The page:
ERIC Number: ED461263
Record Type: Non-Journal
Publication Date: 1994-Sep
Reference Count: N/A
Improving the Measurement of Language Aptitude: The Potential Contribution of L1 Measures.
Thain, John W.
Two studies at the Defense Language Institute (California) investigated the contribution of several variables to prediction of post-language-training proficiency: (1) scores on a general vocational aptitude battery and a language aptitude battery, both used to screen potential students; (2) scores on other cognitive measures not used in the screening process; and (3) scores and ratings on measures of student motivation, anxiety, and use of learning strategies. Two additional studies continued the effort to add certain types of native language competency measures to the Defense Language Aptitude Battery used for student selection. One competency measure considered was listening assessment, particularly as it accounted for two factors affecting the difficulty of listening tasks: the extent to which the examinee had the opportunity to rehearse the initial stimulus or recode it for later use; and the extent to which the examinee had a pre-existing mental set enabling application of an appropriate schema to select and organize the stimulus input as needed to perform the testing task. The second native language competency measure considered was grammar testing, particularly speeded grammar tests in which the task is to identify grammatical errors in sentences. Findings and implications for language aptitude test battery development are discussed. (Contains 113 references.) (MSE)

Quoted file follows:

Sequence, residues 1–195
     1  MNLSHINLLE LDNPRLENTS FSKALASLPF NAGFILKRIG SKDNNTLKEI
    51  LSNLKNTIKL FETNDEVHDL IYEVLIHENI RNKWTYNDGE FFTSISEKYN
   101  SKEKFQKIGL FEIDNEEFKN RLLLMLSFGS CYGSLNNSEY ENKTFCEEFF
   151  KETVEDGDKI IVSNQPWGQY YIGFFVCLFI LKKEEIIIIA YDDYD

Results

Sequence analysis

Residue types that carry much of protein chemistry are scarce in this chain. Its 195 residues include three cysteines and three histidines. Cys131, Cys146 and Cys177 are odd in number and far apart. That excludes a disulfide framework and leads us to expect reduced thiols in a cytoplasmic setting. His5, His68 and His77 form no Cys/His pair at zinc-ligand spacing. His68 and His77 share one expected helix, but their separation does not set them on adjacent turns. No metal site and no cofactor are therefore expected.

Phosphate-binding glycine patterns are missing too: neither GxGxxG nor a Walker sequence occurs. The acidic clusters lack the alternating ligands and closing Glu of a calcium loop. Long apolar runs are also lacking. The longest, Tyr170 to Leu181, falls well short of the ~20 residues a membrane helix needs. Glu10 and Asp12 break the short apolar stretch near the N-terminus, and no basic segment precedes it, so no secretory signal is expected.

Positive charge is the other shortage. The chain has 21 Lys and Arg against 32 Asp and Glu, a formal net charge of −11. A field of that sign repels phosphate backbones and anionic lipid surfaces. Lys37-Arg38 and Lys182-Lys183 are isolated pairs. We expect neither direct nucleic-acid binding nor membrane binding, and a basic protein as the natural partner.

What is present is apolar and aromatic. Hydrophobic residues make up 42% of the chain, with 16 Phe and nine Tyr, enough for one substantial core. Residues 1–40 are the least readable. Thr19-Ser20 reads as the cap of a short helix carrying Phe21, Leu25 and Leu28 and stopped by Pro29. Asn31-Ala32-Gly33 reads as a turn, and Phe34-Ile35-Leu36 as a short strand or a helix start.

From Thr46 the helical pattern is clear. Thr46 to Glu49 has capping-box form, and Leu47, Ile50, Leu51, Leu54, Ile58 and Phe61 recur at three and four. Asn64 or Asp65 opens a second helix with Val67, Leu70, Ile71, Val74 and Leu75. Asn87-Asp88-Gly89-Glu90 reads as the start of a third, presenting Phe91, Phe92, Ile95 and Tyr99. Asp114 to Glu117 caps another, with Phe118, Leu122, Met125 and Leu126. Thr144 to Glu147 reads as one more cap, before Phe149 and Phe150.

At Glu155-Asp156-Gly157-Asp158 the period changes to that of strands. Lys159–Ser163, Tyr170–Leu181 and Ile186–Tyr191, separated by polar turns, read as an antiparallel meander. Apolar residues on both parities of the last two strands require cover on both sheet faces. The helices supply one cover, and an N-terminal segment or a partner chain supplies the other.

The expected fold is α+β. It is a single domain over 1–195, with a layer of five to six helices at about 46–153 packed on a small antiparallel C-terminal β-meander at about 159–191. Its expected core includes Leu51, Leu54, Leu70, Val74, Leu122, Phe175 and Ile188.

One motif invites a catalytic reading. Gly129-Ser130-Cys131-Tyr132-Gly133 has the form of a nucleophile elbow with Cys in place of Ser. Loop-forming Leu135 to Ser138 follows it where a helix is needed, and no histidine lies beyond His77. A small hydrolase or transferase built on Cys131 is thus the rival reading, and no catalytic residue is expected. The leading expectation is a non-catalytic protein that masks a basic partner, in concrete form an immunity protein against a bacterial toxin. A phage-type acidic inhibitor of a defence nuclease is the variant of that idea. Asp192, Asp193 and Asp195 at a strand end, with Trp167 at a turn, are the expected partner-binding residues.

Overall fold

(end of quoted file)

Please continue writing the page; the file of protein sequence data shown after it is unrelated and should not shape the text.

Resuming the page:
Descriptors: Admission Criteria, Anxiety, English, Federal Programs, Grammar, Language Acquisition, Language Aptitude, Language Research, Language Tests, Learning Strategies, Listening Comprehension, Measurement Techniques, Predictor Variables, Second Language Learning, Second Language Programs, Second Languages, Stress Variables, Student Characteristics, Student Motivation, Test Construction, Test Use, Testing
Publication Type: Reports - Evaluative; Speeches/Meeting Papers
Education Level: N/A
Authoring Institution: N/A